• The European Commission forecasts GDP to grow by 0.8% in 2023 and 1.3% in 2024 versus previous forecasts of 1.1% and 1.6% respectively (made in May), citing weakness in domestic demand (especially consumption). The Commission projected a recession in Germany, with GDP shrinking by 0.4% in 2023 before inching up by 1.1% next year. Inflation was projected at 5.6% in 2023 and 2.9% in 2024, higher than ECB’s 2% target.
  • The ZEW survey Economic Sentiment Index improved to -11.4 in Sep (Aug: -12.3) while the current economic situation reading worsened to -79.4 (Aug: -71.3), the lowest value in 3 years. In the eurozone, economic sentiment index fell to -8.9 in Sep from -5.5 a month ago; the situation indicator also decreased, falling 0.6 points to a new reading of -42.6.
  • Industrial production in the eurozone fell by 1.1% mom and 2.2% yoy in Jul (Jun: 0.4% mom and -1.1% yoy). This month-on-month dip was due to the sharp declines in the output of capital goods (-2.7%) and durable consumer goods (-2.2%).
  • German current account surplus narrowed to EUR 18.7bn in Jul Jun’s EUR 28.4bn.
  • GDP in the UK shrank by 0.5% mom in Jul (Jun: 0.5%), with industrial production and manufacturing declining by 0.7% and 0.8% mom respectively (Jun: 1.8% and 2.4%) alongside services and construction sectors contracting by 0.5% each (first time since summer of 2022).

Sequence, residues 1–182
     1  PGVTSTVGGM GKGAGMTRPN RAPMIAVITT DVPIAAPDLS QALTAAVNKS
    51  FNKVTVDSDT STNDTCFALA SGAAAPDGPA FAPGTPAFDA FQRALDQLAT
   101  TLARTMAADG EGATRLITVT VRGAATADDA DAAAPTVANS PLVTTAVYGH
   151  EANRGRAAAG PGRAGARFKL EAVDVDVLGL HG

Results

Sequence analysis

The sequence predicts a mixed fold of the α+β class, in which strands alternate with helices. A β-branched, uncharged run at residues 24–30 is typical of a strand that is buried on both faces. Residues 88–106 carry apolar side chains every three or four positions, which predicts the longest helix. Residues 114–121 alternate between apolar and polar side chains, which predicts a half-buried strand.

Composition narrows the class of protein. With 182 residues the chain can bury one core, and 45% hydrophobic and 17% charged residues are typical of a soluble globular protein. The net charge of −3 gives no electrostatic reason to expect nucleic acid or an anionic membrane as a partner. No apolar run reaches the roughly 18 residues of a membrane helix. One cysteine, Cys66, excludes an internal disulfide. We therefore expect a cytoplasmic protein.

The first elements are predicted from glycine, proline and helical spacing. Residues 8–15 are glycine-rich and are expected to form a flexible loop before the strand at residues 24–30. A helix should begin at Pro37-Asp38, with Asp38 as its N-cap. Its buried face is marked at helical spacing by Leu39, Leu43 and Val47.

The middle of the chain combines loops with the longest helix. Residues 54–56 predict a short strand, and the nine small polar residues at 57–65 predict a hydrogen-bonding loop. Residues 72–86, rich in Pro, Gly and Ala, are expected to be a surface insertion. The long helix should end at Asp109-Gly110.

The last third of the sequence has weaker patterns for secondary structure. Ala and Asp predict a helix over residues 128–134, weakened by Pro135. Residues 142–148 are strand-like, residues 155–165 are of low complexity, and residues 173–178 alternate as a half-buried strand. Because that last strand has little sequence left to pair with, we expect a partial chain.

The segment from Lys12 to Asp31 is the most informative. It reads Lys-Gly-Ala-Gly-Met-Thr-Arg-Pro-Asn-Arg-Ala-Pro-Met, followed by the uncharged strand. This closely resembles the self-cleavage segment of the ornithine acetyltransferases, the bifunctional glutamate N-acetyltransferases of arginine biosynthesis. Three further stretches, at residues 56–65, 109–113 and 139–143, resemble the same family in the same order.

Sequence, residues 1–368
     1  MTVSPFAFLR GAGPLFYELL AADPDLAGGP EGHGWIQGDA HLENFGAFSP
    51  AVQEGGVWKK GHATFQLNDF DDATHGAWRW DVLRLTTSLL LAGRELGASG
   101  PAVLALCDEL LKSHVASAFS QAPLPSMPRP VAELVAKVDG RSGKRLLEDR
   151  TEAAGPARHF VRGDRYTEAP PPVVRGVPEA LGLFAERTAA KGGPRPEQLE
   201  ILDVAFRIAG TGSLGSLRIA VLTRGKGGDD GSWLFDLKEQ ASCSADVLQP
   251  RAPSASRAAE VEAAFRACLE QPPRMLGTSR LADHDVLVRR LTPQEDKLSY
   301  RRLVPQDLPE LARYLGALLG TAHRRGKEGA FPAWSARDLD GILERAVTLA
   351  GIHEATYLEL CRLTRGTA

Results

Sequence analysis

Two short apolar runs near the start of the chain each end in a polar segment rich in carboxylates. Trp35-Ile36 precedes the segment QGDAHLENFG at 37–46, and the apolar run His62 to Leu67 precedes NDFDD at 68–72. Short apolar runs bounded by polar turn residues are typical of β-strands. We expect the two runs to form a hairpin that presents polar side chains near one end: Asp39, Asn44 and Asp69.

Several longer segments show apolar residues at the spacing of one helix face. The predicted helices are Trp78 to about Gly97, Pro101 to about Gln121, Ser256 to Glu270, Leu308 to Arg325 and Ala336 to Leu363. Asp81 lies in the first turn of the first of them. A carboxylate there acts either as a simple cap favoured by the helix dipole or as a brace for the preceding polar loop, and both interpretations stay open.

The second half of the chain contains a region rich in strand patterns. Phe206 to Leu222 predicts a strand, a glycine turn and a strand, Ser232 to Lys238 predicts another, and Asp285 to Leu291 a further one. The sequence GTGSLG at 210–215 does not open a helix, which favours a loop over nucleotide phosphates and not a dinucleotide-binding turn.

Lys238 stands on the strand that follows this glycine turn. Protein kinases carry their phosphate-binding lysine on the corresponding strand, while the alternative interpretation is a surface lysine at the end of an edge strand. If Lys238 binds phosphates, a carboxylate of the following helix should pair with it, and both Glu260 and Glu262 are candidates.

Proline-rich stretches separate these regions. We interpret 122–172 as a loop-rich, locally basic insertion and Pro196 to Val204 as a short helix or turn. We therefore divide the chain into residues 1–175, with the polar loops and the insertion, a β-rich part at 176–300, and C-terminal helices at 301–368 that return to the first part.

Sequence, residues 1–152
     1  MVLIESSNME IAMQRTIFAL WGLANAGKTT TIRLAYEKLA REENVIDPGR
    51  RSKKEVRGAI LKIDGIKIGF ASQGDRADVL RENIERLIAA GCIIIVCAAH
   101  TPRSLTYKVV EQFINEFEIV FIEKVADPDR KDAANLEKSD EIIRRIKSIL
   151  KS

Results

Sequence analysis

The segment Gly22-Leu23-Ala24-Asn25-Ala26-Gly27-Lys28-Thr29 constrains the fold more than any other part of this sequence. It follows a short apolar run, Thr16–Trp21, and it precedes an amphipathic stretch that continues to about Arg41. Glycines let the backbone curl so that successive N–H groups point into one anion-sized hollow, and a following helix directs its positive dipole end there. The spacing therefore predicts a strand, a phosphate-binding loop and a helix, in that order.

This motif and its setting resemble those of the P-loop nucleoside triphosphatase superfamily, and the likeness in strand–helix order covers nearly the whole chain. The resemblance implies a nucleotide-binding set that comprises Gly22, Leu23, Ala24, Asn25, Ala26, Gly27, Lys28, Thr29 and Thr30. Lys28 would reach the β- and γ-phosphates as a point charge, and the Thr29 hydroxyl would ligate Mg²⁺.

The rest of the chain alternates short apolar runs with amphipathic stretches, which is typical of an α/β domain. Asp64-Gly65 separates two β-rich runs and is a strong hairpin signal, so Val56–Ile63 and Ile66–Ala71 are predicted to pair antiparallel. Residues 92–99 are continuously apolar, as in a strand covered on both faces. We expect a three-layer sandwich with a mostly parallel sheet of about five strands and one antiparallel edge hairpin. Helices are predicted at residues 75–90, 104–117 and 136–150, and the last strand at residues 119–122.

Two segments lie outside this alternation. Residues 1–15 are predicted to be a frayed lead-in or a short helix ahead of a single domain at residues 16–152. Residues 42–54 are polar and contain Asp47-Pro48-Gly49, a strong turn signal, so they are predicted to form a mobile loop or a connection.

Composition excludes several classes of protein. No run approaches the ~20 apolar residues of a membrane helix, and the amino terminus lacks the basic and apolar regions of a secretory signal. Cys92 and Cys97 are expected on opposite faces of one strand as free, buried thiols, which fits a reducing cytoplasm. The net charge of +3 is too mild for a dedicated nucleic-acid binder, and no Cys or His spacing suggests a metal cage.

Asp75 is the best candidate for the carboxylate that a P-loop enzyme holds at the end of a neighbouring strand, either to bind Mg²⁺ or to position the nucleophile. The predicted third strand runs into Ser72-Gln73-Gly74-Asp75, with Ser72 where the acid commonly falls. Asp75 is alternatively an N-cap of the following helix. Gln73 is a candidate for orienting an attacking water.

• Unemployment rate in the UK inched up to 4.3% in the 3 months to Jul (prev: 4.2%), the highest since Q3 2021. The number of people in work fell sharply (down by 207k, the biggest fall since Aug-Oct 2020) and vacancies dipped below 1 million for the first time in two years. Average earnings, excluding bonus, remained unchanged at 7.8% in the 3-months to Jul. Including bonus, earnings inched up by 8.5% (Apr-Jun: 8.4%), a new high (excluding months of pandemic-related distortions).

Asia Pacific:

  • The People’s Bank of China cut banks’ reserve ratio requirements for a second time this year, by 25bps, hoping the increased flow of credit would restore economic activity and confidence. It left the 1-year Medium-term Lending Facility (MLF) rate unchanged at 2.5%.
  • China’s money supply grew by 10.6% yoy in Aug (Jul: 10.7%). New loans jumped to CNY 1.36trn in Aug, nearly a 3-fold increase from Jul’s CNY 346bn, and up by 8.8% yoy. Outstanding yuan loans grew 11.1% in Aug, matching Jul’s growth.
  • Industrial production in China grew by 4.5% yoy in Aug (Jul: 3.7%). Retail sales also grew at a faster pace of 4.6% yoy (Jul: 2.5%), the fastest pace since May. Fixed asset investment grew by 3.2% yoy in Jan-Aug (Jan-Jul: 3.4%).
  • FDI into China fell by 5.1% yoy to Jan-Aug (Jan-Jul: -4%): during the period 33,154 new foreign-invested firms were set up (+33% yoy).
  • Japan’s industrial production fell by 1.8% mom and 2.3% yoy in Jul (Jun: 2.4% mom and flat yoy). IP fell across major categories: production machinery (-4.8%), electronic parts and devices (-5.1%), and electrical machinery, information & communication equipment (-3.3%).
  • Producer price index in Japan inched up by 0.3% mom and 3.2% yoy in Aug (Jul: 0.1% mom and 3.4% yoy). In yoy terms, pace of growth slowed for the eighth month, and this was the lowest reading since Mar 2021.
  • Wholesale price inflation in India fell by 0.52% yoy in Aug (Jul: -1.36%), the fifth deflationary reading. Prices fell for fuel and power (-6.03%) and manufacturing (-2.37%) but falling at a slower pace.